As my drive home progressed, I realized that there was another, more significant reason Uncle Ludwig's advice looked more sage now than it had in my first year on the tenure track. It had to do with the "big picture," the thing that keeps me interested in administration even when being a dean comes close to driving me crazy.
In this case, the big picture has to do with similarities between the situation of the young scholar in my office, Professor Up-and-Coming, and my own situation as a junior faculty member years ago. It has to do with how young faculty members juggle the expectations and demands of their academic careers with those of family life. Most of all, it has to do with developing self-confidence in an academic (or personal) arena that sometimes seems to be full of naysayers.
Professor Up-and-Coming is, as I was, a young woman in her first tenure-track job, with two small children at home. Her husband, unlike mine, is also an academic in science, but at a different institution. She trained, as I did, in some of the best labs in the nation, with some of the biggest names in her field. Now she's working, as I was, at an institution very different from the ones where she trained, in a department that contains both friends and foes, and in a tenure system that doesn't allow much time for getting on your feet. That system is fixed by union contract, while the expectations for faculty members are undergoing major changes across the college.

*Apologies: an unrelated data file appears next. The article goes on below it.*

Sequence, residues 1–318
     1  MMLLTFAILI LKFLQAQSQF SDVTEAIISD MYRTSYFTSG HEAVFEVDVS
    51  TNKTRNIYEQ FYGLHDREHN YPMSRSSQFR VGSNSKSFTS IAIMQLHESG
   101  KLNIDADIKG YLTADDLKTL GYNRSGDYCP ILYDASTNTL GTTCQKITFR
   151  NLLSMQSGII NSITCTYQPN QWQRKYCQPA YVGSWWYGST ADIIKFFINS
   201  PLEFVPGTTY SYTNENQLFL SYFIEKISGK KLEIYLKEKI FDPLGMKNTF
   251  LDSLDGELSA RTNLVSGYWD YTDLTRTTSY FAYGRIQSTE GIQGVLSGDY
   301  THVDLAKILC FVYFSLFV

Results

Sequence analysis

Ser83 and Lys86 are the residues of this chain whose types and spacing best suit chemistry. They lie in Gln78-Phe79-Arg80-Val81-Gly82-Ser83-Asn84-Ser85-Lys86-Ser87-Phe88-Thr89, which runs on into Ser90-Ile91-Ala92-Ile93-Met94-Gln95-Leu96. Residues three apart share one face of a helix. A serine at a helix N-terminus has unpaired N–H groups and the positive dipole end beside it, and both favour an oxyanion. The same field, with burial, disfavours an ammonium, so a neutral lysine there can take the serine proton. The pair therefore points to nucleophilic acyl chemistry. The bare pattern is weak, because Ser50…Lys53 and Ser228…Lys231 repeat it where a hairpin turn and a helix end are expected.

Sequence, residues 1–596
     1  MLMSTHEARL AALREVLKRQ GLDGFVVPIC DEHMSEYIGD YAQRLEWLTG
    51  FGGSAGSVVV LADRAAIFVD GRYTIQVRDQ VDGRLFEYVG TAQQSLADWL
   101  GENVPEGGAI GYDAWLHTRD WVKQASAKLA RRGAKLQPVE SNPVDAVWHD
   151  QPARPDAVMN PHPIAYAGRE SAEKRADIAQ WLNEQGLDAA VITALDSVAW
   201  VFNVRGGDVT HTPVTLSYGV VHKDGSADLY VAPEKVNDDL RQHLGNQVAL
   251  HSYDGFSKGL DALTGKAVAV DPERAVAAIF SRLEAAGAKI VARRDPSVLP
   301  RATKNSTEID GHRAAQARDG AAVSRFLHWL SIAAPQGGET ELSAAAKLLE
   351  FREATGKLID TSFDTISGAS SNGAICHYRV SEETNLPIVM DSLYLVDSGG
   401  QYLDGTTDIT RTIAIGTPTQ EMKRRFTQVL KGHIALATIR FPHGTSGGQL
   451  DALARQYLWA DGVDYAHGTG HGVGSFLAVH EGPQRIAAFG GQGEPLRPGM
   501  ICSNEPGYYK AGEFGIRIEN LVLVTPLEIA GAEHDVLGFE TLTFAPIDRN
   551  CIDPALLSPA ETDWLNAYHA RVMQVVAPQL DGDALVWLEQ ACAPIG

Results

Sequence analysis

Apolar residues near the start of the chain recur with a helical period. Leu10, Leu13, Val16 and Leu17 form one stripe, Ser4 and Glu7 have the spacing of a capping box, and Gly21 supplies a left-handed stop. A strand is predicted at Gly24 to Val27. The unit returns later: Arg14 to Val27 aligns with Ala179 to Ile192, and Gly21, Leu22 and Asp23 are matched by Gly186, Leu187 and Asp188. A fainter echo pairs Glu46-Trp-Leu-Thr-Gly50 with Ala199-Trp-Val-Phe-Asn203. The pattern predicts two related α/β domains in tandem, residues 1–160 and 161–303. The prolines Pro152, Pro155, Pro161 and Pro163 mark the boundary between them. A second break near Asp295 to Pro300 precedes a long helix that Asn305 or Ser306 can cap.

How is she supposed to balance all those conflicting factors? More important, how does she build self-confidence now that she's no longer a student, no longer part of a big lab with many other students and postdocs to reinforce her? How does she cope with those subtle and not-so-subtle voices, of her former colleagues, some of her current colleagues, and perhaps her family, that tell her (as they tell most women) that she isn't good enough, isn't working hard enough, isn't spending enough time with her work (or her kids, or her husband, or whatever)? How can she learn to trust her own voice, her own instincts, to value her own work as highly as she values the work of those around her? How does she learn to love herself in her role as a faculty member/mom/wife/person in the larger world, without measuring herself always against the harsh standards of others?
I submit that Uncle Ludwig was on to something -- that for Professor Up-and-Coming, the LPU can be a means of building self-confidence and self-worth as well as of building her CV and her tenure package. After all, the LPU is a tangible, if small, representation of real work done in a real lab with real students. It will be peer reviewed, and it will be in print, to show that a unit of work was accomplished. It is a unit of work that can be produced while teaching a 12-credit load, while devising new courses, while trading off child-care duties with a spouse at Big Private U., and while breastfeeding and enduring sleepless nights, emergency-room visits, and piles of poopy diapers.